A Hummer that gets 100 miles to the gallon is virtually unheard of, but Raser Technologies along with Sen. Hatch from Utah displayed a GM H3 that will hopefully push the development of plug-in hybrid technology towards the realm of consumer affordability.
Sen. Hatch showing off the candy apple red H3 to the media.
Given Barack Obama’s recent fuel efficiency standards, vehicle manufacturing companies are putting forth more of an outspoken effort to develop technologies that are cleaner, more efficient, but more importantly, affordable to the common consumer. Alongside the car companies themselves are a multitude of different, more independent groups finding ways to turn current market vehicles into some of the most fuel efficient machines on the road.
Normally when you think of fuel efficient vehicles, GM’s Hummer doesn’t exactly come to mind. But yesterday, Raser Technologies showcased its 100 mile per gallon Hummer with the help of Utah Senator Orrin Hatch. Capitol Hill was filled with cameras and journalists as Sen. Hatch test drove the candy apple red H3 plug-in hybrid; the vehicle boasted a little over a 400 mile range without either a charge or a fill-up. Hatch invited his fellow politicians to try out the technology for themselves; he noted how indispensable the development of plug-in hybrids are to weaning the Unites States off of oil while keeping the development of such important technology at home.
Hatch’s personal plea amongst his fellow politicians culminated into a direct appeal to Barack Obama that such technology needs to be fostered, both in the context of short and long term goals in our energy policy. Hatch, who’s been an outspoken advocate of hybrid technology, has high hopes that it’ll become more affordable so that the average hybrid vehicle sold won’t cost much more than its non-hybrid counterpart.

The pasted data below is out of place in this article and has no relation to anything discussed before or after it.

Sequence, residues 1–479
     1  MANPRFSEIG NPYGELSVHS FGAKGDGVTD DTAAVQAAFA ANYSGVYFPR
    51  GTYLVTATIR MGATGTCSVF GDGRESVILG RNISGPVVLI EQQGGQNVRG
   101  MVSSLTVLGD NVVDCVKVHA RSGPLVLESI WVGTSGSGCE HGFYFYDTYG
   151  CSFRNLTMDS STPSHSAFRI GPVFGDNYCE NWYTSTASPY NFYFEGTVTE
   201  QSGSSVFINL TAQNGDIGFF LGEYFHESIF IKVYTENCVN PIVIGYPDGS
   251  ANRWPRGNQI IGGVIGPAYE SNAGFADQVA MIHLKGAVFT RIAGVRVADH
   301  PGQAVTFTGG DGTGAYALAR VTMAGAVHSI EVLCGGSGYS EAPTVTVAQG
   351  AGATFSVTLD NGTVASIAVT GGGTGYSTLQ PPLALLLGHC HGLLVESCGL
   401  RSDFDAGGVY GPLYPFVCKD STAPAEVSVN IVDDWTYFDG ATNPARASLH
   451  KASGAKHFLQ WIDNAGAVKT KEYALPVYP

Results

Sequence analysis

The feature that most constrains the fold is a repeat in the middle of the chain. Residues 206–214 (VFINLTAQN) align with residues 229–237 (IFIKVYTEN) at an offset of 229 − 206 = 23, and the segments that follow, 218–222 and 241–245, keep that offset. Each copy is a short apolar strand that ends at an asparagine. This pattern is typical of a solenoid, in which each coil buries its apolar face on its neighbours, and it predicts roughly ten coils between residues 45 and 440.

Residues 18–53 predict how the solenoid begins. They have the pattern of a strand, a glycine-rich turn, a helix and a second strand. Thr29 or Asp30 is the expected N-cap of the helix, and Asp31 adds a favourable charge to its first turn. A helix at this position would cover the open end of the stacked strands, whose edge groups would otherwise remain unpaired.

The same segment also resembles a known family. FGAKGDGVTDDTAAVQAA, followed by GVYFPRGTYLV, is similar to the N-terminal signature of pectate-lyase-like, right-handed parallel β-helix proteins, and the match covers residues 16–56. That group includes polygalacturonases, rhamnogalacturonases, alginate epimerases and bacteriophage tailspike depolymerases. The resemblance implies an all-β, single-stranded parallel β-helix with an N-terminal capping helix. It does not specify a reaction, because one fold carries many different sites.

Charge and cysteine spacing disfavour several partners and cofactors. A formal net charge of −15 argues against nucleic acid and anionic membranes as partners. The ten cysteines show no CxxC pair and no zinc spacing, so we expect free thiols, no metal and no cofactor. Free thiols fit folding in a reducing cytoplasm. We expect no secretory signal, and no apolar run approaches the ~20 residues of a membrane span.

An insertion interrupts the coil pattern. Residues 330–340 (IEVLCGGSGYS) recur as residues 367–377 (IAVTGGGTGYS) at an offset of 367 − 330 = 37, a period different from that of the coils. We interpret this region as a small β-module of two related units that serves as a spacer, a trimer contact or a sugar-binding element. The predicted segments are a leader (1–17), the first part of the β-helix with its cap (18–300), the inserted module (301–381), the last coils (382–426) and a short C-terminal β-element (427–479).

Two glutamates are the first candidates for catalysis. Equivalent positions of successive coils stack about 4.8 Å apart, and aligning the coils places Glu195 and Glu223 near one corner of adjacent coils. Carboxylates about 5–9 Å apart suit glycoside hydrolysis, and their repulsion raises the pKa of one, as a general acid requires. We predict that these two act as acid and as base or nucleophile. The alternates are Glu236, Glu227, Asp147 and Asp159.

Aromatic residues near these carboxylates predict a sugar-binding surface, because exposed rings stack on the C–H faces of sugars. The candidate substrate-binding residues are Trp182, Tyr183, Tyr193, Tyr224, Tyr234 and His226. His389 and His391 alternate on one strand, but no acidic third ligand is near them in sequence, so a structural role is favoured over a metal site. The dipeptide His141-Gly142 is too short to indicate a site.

Currently, the GM restructuring plan involves seeing the Hummer brand sold off in China. Hatch urged Obama to prevent the selling of the well known gas-guzzling behemoths, especially since he believes “the US is on the cusp of integrating environmentally friendly and affordable hybrid technologies” into these normally environmentally disastrous vehicles.
Kraig Higginson, chairman of Raser, said that although the current trend is to turn smaller, more compact vehicles into hybrids, there is still little done to address the fact that it’s the utility of SUVs and trucks that some citizens could never live without. Offering a cleaner, more fuel efficient hybrid alternative to the vehicles some Americans need the most may be a key turnaround point within the whole scheme of the plug-in hybrid revolution.
People such as farmers, parents, and business owners aren’t driving gas guzzlers just cause, they’re holding onto them because hybrid technology has yet to make its debut in an affordable manner on the vehicles they need. Hopefully, companies like Raser and politicians like Sen. Hatch can open up some eyes in Washington, D.C. and make vehicles like this a market reality.